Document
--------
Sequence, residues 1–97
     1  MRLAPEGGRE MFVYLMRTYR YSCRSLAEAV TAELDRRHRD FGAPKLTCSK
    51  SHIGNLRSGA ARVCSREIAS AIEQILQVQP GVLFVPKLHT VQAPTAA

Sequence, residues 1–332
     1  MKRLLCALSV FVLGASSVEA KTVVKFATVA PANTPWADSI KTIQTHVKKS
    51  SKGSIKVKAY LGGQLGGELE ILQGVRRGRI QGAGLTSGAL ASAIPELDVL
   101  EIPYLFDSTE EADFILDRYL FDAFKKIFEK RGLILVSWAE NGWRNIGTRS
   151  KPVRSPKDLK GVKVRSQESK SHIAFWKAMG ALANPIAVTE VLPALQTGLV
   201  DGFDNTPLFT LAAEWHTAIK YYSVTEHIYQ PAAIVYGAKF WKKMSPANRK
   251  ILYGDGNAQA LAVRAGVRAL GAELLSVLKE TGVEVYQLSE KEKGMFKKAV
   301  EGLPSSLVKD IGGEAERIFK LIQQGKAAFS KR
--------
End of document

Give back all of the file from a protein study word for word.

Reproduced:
Sequence, residues 1–97
     1  MRLAPEGGRE MFVYLMRTYR YSCRSLAEAV TAELDRRHRD FGAPKLTCSK
    51  SHIGNLRSGA ARVCSREIAS AIEQILQVQP GVLFVPKLHT VQAPTAA

Sequence, residues 1–332
     1  MKRLLCALSV FVLGASSVEA KTVVKFATVA PANTPWADSI KTIQTHVKKS
    51  SKGSIKVKAY LGGQLGGELE ILQGVRRGRI QGAGLTSGAL ASAIPELDVL
   101  EIPYLFDSTE EADFILDRYL FDAFKKIFEK RGLILVSWAE NGWRNIGTRS
   151  KPVRSPKDLK GVKVRSQESK SHIAFWKAMG ALANPIAVTE VLPALQTGLV
   201  DGFDNTPLFT LAAEWHTAIK YYSVTEHIYQ PAAIVYGAKF WKKMSPANRK
   251  ILYGDGNAQA LAVRAGVRAL GAELLSVLKE TGVEVYQLSE KEKGMFKKAV
   301  EGLPSSLVKD IGGEAERIFK LIQQGKAAFS KR